- moved to or showing sudden, impatient irritation, especially over some trifling annoyance: a petulant toss of the head.
Origin of petulant
Synonyms for petulant
Examples from the Web for petulantly
Historical Examples of petulantly
It was the woman's voice behind them, petulantly exclaiming.Thoroughbreds
W. A. Fraser
"No; nor will she miss now," cries The Vengeance, petulantly.A Tale of Two Cities
"I think the whole affair has been a mistake, anyway," one of them said petulantly.The Film of Fear
"Well, I never kin tell t'other from which," replied Maria, petulantly.Si Klegg, Book 5 (of 6)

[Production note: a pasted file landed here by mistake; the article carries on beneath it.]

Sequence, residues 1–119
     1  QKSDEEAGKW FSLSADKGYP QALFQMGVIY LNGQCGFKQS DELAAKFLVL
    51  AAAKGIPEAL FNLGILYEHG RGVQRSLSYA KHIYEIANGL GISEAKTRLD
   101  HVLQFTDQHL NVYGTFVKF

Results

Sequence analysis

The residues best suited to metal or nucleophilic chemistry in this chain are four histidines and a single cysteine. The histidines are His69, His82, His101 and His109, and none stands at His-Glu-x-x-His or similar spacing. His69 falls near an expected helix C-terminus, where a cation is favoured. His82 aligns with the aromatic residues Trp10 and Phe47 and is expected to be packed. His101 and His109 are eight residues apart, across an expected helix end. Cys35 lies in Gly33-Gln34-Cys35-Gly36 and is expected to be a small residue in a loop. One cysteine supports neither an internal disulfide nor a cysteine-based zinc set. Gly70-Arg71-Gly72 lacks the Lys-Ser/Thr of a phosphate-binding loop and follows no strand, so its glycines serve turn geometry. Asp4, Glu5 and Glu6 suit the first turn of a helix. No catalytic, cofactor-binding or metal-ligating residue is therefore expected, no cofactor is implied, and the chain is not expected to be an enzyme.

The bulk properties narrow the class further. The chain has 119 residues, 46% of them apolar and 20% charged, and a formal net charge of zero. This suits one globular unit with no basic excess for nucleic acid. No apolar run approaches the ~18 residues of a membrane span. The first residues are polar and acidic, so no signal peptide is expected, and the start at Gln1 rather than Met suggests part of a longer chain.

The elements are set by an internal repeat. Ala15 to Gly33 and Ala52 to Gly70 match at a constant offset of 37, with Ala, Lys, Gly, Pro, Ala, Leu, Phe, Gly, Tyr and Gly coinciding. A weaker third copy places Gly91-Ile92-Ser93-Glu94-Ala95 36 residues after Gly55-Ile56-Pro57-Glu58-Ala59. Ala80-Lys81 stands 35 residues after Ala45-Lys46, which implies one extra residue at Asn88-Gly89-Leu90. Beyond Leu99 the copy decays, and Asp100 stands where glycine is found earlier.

"I've been ringing this bell for hours," it said petulantly.Such Blooming Talk
L. Major Reynolds
- irritable, impatient, or sullen in a peevish or capricious way
Word Origin for petulant
1590s, "immodest, wanton, saucy," from Middle French petulant (mid-14c.), from Latin petulantem (nominative petulans) "wanton, froward, saucy, insolent," present participle of petere "to attack, assail; strive after; ask for, beg, beseech" (see petition (n.)). Meaning "peevish, irritable" first recorded 1775, probably by influence of pet (n.2). Related: Petulantly.